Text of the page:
Business Forecast

Economic Expectations from GAWDA’s Chief Economic Consultants

In times of economic turmoil, GAWDA members have long turned to the association’s Chief Economist Brian Beaulieu and his team at ITR Economics. ITR, which produces a quarterly report for GAWDA members each quarter (this quarter’s can be seen on pages 106-117), hosted a members-only podcast entitled Looking Past the Fear and The Noise: 2020-2022. Alex Chausovsky, ITR’s Director of Speaking Services, hosted the webinar, a recording of which can be found on’s Member’s Only section in the ITR folder. Alex spent the hour-long recording explaining the impact that the “Dual Black Swan Events” of COVID-19 and the collapse of oil prices had on our economy and what the ITR expectations are for the coming year.

ITR has developed a well-deserved reputation as “straight shooters.” They predicted the Great Recession long before most other economists and did so with laser precision and brutal honesty. So, it should not be taken lightly that ITR has referred to the 2020s as “the decade of North America.” During the webinar, Chausovsky spent the first several minutes detailing the data surrounding COVID-19 test and mortality rates, as the pandemic has undeniably had a severe impact on the U.S. and global economy. He explained that there are encouraging signs in this trend and that there are signs of a negative trend in daily new confirmed deaths due to COVID-19, not just in the U.S., but worldwide.

Chausovsky also explained how, before the black swan events, the economy was actually showing signs of a rise.

“One of the things you will have noted if you follow the ITR leading indicators or GAWDA reports, if you look at the economic data before the black swan events in late 2019 or early 2020 is that all of our main leading indicators were pointing to a rise in the U.S. economy in the second half of 2020,” he noted. “Once the events of the first quarter, the rise in the pandemic and the oil price collapse, occurred, almost all of the leading indicators changed to declining trends. But we are now starting to see a turnaround.”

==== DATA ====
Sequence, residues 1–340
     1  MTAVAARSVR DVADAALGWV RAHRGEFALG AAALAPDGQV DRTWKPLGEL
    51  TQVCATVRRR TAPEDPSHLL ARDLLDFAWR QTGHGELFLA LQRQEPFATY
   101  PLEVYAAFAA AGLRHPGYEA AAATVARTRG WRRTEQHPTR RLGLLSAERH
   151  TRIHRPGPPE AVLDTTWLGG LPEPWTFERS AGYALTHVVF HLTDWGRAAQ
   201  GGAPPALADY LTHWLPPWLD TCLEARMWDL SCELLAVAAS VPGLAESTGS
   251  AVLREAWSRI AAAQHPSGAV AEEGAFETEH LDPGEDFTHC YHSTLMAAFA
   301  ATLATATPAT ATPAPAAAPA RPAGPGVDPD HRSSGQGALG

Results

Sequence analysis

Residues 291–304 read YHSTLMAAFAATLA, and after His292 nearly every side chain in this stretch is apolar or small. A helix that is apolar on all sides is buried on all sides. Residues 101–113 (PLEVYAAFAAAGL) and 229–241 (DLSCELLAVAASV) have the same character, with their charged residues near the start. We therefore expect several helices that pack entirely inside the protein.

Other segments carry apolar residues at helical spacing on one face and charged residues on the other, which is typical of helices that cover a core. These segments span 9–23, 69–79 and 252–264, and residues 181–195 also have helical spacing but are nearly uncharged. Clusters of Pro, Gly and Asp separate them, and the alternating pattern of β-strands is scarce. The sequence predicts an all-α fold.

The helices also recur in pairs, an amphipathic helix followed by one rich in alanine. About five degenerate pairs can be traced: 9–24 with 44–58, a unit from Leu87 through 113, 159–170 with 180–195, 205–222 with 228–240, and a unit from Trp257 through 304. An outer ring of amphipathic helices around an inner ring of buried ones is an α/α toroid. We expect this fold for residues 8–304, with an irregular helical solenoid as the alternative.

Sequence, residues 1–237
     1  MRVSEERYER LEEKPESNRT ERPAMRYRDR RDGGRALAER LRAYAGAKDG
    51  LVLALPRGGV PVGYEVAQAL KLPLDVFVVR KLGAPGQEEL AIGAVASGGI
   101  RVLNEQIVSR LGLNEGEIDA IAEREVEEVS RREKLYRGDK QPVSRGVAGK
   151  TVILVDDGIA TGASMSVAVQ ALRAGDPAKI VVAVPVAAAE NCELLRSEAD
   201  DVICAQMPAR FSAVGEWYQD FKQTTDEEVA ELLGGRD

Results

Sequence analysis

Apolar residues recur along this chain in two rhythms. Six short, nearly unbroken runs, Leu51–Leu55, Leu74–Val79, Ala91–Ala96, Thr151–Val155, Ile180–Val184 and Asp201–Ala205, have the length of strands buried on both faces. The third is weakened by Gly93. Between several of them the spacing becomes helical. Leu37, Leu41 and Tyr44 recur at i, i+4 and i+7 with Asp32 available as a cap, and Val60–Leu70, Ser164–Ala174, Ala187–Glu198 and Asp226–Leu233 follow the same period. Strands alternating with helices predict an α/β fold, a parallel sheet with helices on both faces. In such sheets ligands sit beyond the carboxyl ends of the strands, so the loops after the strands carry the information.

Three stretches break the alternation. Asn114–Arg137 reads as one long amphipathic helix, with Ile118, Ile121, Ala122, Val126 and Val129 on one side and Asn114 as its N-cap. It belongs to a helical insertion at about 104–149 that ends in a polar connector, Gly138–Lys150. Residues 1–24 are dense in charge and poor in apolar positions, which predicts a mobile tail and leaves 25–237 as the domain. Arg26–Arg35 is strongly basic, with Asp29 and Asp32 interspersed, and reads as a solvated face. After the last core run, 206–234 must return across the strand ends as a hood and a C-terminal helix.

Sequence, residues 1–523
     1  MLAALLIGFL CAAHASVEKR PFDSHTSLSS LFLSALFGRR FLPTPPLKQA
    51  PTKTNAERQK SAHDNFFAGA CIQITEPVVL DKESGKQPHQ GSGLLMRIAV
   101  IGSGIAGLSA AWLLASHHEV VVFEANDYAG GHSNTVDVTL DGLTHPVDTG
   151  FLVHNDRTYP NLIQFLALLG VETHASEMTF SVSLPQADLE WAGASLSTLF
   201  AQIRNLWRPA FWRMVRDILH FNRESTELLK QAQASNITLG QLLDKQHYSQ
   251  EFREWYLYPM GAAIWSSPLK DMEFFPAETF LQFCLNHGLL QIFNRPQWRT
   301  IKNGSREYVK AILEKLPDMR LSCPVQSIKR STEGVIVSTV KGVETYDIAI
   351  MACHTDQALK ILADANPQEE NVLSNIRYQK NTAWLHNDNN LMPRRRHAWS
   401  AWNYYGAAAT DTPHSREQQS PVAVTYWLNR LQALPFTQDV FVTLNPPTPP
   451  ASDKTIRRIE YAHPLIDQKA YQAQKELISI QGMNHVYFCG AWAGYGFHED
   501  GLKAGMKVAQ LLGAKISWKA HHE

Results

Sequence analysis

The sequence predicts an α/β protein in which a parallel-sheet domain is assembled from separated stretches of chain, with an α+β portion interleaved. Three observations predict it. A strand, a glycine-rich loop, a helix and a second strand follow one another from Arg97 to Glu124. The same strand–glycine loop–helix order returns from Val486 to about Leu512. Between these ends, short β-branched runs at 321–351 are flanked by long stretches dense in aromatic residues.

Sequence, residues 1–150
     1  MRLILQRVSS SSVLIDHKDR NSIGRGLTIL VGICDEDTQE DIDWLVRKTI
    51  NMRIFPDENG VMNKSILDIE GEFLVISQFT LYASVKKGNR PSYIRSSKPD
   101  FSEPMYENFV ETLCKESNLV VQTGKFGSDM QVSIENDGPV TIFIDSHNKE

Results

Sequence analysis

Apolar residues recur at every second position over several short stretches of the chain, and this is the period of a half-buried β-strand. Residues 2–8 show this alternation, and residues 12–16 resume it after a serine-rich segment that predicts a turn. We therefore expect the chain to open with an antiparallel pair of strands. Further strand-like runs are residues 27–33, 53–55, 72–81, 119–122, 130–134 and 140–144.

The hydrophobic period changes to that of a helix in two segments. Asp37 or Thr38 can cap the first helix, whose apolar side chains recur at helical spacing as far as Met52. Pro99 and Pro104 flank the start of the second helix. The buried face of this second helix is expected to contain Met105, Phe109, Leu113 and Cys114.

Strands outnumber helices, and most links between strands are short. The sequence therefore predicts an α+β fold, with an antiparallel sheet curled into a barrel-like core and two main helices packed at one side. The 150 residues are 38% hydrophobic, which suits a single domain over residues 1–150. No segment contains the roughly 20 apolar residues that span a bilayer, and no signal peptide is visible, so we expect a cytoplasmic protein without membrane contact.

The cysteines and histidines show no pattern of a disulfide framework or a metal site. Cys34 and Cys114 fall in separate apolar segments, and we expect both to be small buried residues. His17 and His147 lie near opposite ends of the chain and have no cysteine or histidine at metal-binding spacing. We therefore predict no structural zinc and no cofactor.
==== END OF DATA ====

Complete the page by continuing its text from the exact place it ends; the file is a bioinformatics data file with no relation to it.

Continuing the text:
Though ITR expects a more volatile recovery than a straight line “V-shaped recovery,” he noted that, notwithstanding a second wave that forces the country back into a shutdown, the U.S. economy, especially the industrial economy, can expect to see that rise heading into and throughout 2021.

Brian Beaulieu, CEO of ITR Economics, echoed that sentiment.

“It’s not going to be nearly as devastating as a lot of people initially feared,” Beaulieu said. “We’ve had a demand issue to contend with, also. That helped level off a lot of the supply and demand imbalance that a lot of people were fearing. This creates opportunities for people who can think differently. Find out what your customers really want and how you can help them. There are opportunities in this, like any other circumstance.”

One of those opportunities stems from the supply chain disruption caused by the pandemic.

“We believe that, as part of the pandemic and as part of the disruption of the supply chains, there are quite a few opportunities out there that are going to be available to you as part of the supply chain near sourcing trend that we started building up on back in 2018 at the beginning of the trade war,” Chausovsky says. “We think that companies are going to be looking for gaps in their supply chains. New business formation will happen as companies try to fill those gaps, so you’ve got to be very proactive in terms of finding opportunities. Ask your existing clients whether they have any concrete plans addressing any potential vulnerabilities in their supply chain. At the same time, be looking for any new entrants into the industry that might be filling those gaps and try to convert them into customers as well.”